The first assertions of trade secret rights are reported to be in England in the sixteenth century. In the United States, the first United States case was in Massachusetts in 1868.
Most states have adopted some form of the Uniform Trade Secret Act (UTSA). The UTSA sought to provide some consistency in trade secret law that, until recently, was protected only by state laws. The Act defines a trade secret as:
“ information, including a formula, pattern, compilation, program, device, method, technique, or process that:
(a) Derives independent economic value, actual or potential, from not being generally known to, and not being readily ascertainable by proper means by, other persons who can obtain economic value from its disclosure or use; and
(b) Is the subject of efforts that are reasonable under the circumstances to maintain its secrecy."
When you have information that has economic value as a result of its secrecy and you use reasonable efforts to keep it secret, you have a trade secret. There is no registration of trade secrets.
There is now also federal protection of trade secrets under 18 USC 1832 that defines and protects trade secret use, copying and theft in similar fashion to the UTSA.
A good example of a trade secret is the recipe for Coca Cola.
In order to keep the trade secret status of information, you must keep it secret.
For example, if you wanted to maintain trade secret protection of the code for your website, you would have to program the pages so that the “view source" option would not allow Internet users to freely view the code.
Other steps to take would be using confidentiality agreements to maintain its secrecy in business deals and discussion, allowing only employees who must know the information to have access to it, and keeping the information in a secured environment.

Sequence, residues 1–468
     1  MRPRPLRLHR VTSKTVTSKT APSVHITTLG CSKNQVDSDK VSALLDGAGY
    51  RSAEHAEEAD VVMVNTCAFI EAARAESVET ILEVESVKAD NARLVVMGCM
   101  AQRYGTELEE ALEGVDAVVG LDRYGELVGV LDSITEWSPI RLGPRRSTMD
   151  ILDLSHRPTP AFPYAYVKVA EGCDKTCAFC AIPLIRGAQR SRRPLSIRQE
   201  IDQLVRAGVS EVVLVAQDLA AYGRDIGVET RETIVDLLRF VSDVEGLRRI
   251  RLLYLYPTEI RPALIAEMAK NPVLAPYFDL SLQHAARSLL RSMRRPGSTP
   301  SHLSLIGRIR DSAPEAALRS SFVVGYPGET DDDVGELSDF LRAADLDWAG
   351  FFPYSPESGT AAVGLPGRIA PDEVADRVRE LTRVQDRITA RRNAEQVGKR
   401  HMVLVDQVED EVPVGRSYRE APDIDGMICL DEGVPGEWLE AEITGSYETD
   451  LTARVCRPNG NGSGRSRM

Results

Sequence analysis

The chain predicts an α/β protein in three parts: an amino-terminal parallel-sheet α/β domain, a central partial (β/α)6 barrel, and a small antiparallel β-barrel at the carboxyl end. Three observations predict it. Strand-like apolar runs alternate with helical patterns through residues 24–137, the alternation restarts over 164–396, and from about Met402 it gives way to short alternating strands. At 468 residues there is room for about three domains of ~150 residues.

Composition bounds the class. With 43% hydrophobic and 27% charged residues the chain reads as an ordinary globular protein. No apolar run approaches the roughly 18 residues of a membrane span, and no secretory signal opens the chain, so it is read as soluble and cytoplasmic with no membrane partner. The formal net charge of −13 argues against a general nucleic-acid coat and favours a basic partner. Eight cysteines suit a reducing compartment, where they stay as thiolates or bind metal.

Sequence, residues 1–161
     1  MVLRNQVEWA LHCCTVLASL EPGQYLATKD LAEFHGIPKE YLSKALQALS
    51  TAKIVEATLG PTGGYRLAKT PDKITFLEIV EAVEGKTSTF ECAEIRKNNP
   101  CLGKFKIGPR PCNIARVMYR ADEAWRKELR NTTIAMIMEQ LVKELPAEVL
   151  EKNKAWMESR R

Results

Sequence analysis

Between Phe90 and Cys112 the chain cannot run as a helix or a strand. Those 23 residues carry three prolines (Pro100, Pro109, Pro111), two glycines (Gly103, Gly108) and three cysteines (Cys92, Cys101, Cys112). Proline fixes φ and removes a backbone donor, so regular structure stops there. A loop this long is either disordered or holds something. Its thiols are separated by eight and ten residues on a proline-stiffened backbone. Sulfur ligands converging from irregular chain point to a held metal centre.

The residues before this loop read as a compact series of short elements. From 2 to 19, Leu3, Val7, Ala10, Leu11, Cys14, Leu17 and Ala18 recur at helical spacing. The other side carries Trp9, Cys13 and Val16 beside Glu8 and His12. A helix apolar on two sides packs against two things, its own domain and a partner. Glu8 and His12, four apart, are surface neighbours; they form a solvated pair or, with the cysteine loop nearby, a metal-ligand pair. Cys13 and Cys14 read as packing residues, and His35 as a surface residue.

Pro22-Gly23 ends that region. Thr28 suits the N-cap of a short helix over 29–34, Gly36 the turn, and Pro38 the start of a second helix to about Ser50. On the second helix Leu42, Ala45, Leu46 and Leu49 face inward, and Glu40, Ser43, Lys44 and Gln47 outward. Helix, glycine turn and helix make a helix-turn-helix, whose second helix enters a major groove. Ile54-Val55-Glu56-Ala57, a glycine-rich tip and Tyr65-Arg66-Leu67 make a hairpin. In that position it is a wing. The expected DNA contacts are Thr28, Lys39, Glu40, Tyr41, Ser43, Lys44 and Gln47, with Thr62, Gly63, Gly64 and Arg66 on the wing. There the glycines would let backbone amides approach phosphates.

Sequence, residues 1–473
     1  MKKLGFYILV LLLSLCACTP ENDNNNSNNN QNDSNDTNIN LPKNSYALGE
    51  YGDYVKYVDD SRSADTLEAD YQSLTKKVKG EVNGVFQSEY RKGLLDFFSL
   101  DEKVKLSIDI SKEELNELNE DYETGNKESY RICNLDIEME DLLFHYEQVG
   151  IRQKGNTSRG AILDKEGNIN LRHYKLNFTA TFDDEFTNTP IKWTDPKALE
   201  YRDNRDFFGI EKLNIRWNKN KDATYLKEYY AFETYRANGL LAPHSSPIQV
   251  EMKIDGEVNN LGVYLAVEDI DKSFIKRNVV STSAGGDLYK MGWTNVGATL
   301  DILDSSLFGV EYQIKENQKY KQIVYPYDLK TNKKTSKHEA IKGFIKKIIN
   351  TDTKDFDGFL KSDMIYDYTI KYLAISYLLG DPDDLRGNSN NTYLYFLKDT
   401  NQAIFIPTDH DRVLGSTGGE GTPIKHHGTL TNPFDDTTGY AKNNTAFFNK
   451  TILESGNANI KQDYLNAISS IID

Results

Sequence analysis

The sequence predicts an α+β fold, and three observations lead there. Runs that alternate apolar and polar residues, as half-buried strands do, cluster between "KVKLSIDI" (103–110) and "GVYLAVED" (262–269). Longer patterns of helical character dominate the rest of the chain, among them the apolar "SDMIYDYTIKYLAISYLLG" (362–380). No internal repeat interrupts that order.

Having a trade secret means that you have a legal cause of action for damages, or an injunction to stop the use, if another party steals, copies or uses your trade secret without your permission.
The risk to maintaining trade secret protection is that you do not take advantage of other forms of intellectual property protection such as patent and copyright that require registration and disclosure. Patent, upon granting of your application, requires full disclosure of the information patented. Copyright registration recognizes some trade secret protection and permit abbreviated registrations for some items, such as computer programs. In addition to missing these other intellectual property protections, the registration process provides proof of your ownership of the material as of the registration date.
In most intellectual property cases, the other party claims that he or she, in fact, created or used the item or information first and that your use is unauthorized. Therefore, it will be necessary to prove that you originally created and owned the trade secret.
It is vital to maintain dated proof of creation of your trade secret. You can do this cheaply by mailing the information to yourself and retaining the postmarked, sealed envelope. Alternatively, you can deposit a copy of the information with a source code escrow company that would maintain a dated copy of the information in storage.